‘Second Signal’, ‘Seen of Angels’, ‘Shot Flow’, ‘White Space’
by Lyndsey Winship
February 9, 2005 -- Queen Elizabeth Hall, London
Henri Oguike has a gift for making dance that manages to be entertaining without sacrificing its integrity. Like his mentor, Richard Alston, music is Oguike’s muse, and this seems to be the key to communicating with his audience.
The interconnectedness of music and movement is clear in the opening piece of the programme, a new work, “Second Signal”. The dancers share the stage with three thundering Taiko drummers, and not only do the dancers illustrate the rhythms, beats rattling through bodies like bullets, but the drummers show off their own choreography too. As they prepare to strike the skins they move into long lunges and graceful arcs, just as much part of the performance as the company.
There’s a cool clarity to Oguike’s choreography but it’s peppered with snatches of humour and personality – such as when a dancer stroppily slaps her foot to the floor or the company bounce along on their fronts, bottoms bobbing in the air.
These are no identikit dancers: Charlotte Eatock is slight and precise while Nuno Silva is tall and muscular, with a giant leap to match. Sarita Piotrowski has more attack than most, really swiping the air and seeming to get there almost before the beat. They often dance in a line at the front of the stage, facing the audience for maximum impact, and it pays off.
The other new piece in the programme is “Seen of Angels”, set to excerpts of Handel’s Messiah. It’s quite an undertaking. This is music that glows, melts and thrills on a completely different scale to the live accompaniment or chamber works Oguike usually uses. It turns the stage into a different sort of space, dissolving the dialogue between dancers and musicians. We get a sense of drama unfolding, tinges of longing, wonder and regret. The effect manages to be both earthy and otherworldly, although it’s really Handel who’s doing all the work here. But why not?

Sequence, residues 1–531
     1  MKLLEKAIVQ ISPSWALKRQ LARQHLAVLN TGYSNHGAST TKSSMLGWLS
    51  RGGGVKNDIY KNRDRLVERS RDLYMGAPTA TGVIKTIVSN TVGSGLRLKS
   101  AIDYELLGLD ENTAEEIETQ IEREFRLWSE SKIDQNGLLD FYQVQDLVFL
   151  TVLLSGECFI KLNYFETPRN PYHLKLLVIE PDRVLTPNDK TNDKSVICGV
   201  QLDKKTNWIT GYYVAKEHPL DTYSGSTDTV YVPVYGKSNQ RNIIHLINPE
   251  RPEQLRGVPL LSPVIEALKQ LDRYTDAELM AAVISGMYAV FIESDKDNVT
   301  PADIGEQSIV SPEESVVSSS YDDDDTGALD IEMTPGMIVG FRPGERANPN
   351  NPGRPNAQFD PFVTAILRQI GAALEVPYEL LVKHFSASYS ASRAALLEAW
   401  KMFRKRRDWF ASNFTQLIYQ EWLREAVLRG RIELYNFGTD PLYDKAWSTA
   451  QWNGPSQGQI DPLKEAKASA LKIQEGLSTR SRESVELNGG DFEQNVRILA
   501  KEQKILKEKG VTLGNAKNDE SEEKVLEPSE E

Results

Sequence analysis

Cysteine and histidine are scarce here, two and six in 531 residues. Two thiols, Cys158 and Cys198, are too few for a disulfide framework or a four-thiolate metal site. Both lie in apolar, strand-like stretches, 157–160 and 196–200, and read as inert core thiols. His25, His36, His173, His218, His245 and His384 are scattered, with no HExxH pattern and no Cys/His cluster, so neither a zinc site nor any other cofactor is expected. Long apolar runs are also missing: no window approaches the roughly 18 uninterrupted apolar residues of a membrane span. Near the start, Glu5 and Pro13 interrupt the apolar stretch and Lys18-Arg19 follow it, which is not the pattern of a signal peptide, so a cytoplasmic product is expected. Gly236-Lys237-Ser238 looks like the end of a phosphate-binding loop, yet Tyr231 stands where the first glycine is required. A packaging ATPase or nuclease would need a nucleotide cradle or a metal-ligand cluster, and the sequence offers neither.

The only disappointment is the endings of these two pieces, which just seem to fizzle out as if the choreographer is shying away from bold final statements.
Also on the bill is the duet “Shot Flow”, which Oguike performs himself with Charlotte Eatock. This is a much more stark, intimate affair, with the couple fleeting in and out of shadows, playing on emotional closeness and distance. Composer Pedro Carneiro performs his own music for marimba. With a light touch his phrases trip into unexpected endings and questions, like the dancers themselves.
And then there’s the return of White Space, Oguike’s stylish satire on courtly dance and ritual. I’m not sure what the relationship is between the Mondrian-esque backdrop and the Scarlatti soundtrack but never mind, it seems to work.
Oguike is a real talent, who will no doubt continue to explore and experiment with steps and scores. The work might not always reach choreographic perfection but that’s no reason to feel guilty about enjoying it so much.
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